Life hacks are often about speed. If you can shave two seconds off four tasks you perform 20 times a day, Trapani says, you'll save about 11 hours a year, or a full day for fun. "LifeHacker is about working more efficiently so you can play more, not just get more things done," she says. Trapani's Saturdays are computer-free. "I'm a big fan of being away from the keyboard, staring into space and letting the mind wander," she says. That Zen mind-set seems to have allure: LifeHacker's readership has tripled over the past year to 15 million page views a month.

Some life-hacking fans get so wrapped up in reading about efficiency that the sites become, ironically, another procrastination crutch. "We don't need to overwhelm people with useless tips on how to put on a hat faster," Mann says. One hack he advocates is what he calls 10+2x5. Rather than starting work only to be sucked into time-wasting websites, set a timer for 10 minutes and focus exclusively on a task for that interval. Then give yourself two minutes for whatever frivolity you crave. Repeat that process five times, and you'll have gotten 50 productive minutes out of a work hour that typically yields much less.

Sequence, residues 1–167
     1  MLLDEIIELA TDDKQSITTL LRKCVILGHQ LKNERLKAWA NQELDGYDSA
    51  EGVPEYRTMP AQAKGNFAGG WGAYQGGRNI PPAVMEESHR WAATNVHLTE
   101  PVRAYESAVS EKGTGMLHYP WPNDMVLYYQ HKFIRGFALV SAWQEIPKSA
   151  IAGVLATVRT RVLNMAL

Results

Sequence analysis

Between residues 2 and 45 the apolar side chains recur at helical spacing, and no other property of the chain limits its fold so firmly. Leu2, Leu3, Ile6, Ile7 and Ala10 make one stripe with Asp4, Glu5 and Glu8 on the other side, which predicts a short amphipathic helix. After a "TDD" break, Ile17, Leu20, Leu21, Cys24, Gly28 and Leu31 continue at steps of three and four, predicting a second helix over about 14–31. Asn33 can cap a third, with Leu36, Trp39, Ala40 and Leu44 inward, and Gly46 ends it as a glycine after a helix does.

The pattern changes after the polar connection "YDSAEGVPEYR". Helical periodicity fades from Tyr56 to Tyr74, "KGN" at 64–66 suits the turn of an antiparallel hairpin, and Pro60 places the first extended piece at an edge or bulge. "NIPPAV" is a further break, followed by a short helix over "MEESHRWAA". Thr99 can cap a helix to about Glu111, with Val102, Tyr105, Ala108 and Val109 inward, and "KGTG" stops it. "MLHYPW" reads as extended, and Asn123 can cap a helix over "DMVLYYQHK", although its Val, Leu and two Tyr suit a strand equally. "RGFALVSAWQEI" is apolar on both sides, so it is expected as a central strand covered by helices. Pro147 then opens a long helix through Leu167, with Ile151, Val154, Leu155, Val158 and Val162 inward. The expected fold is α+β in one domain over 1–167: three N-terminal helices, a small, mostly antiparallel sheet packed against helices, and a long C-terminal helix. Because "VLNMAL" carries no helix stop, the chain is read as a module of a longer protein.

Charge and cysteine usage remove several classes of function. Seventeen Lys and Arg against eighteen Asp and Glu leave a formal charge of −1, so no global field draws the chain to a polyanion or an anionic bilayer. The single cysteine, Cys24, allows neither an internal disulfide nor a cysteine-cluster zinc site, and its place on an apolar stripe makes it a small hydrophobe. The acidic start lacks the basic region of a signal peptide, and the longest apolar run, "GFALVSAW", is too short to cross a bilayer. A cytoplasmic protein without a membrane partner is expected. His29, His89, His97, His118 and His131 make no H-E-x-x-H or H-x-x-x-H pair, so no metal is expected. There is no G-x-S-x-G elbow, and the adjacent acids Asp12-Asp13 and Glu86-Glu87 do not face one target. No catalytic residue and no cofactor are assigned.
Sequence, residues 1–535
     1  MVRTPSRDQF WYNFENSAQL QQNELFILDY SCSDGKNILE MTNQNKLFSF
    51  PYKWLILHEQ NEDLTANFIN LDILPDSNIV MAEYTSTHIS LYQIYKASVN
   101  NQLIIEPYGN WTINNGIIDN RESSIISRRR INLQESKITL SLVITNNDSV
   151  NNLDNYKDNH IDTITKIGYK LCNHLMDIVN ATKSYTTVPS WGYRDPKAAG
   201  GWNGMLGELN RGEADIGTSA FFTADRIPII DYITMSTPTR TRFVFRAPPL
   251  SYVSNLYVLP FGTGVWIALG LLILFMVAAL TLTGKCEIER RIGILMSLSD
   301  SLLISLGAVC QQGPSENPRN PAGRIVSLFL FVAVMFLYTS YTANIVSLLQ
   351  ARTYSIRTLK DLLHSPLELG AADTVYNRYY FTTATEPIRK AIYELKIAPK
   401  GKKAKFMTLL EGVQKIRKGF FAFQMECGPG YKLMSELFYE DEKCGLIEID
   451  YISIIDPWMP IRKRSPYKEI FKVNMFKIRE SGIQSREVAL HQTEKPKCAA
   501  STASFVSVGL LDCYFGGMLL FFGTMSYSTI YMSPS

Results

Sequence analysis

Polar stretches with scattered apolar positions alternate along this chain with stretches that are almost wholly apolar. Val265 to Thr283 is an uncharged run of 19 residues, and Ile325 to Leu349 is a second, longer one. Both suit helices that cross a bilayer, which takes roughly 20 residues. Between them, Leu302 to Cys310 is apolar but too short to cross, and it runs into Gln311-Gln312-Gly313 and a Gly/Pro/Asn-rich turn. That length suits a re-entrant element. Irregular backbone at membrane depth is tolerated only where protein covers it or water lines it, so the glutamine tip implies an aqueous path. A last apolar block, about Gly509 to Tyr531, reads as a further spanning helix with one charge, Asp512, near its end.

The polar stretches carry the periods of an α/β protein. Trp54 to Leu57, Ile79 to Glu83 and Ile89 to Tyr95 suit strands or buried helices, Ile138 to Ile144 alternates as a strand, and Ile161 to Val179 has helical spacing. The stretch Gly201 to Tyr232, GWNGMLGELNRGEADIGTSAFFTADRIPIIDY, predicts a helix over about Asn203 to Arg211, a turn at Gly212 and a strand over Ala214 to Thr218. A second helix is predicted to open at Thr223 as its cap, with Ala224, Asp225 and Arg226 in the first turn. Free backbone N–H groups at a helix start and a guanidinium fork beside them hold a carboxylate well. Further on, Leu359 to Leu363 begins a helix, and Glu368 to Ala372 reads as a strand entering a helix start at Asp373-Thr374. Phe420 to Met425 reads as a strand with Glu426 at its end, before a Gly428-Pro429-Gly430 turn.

Hip as life hacking is in the digital sphere, it's arguably a geekified iteration of an age-old American obsession with life improvement and personal reinvention. And while much of the subculture centers on technology, devotees like Mann and Trapani are keen on a surprising tool: paper. They each carry around a stack of index cards instead of a digital organizer. The simplest solutions can be the savviest.,9171,1635844,00.html

The Basic Blog-Less Hack

I came across this today... With all its wisdom, I think it's sometimes OK to meander around blogs... Every few weeks I click on the 'Next Blog' button in Google Blogs, and come across some interesting ideas... Rowland.


Remember: Nobody ever lay on their deathbed thinking "gee, I wish I had spent more time watching TV/reading blogs/at the office."

The Basic Blog-Less Hack

Here is the basic less-blogging-hack:

1. First, give up reading comments on blogs.

2. If that doesn't free up enough time, stop reading the blogs themselves as well (and the wikis ;-) ).

Spending less time on blogs (and other things online)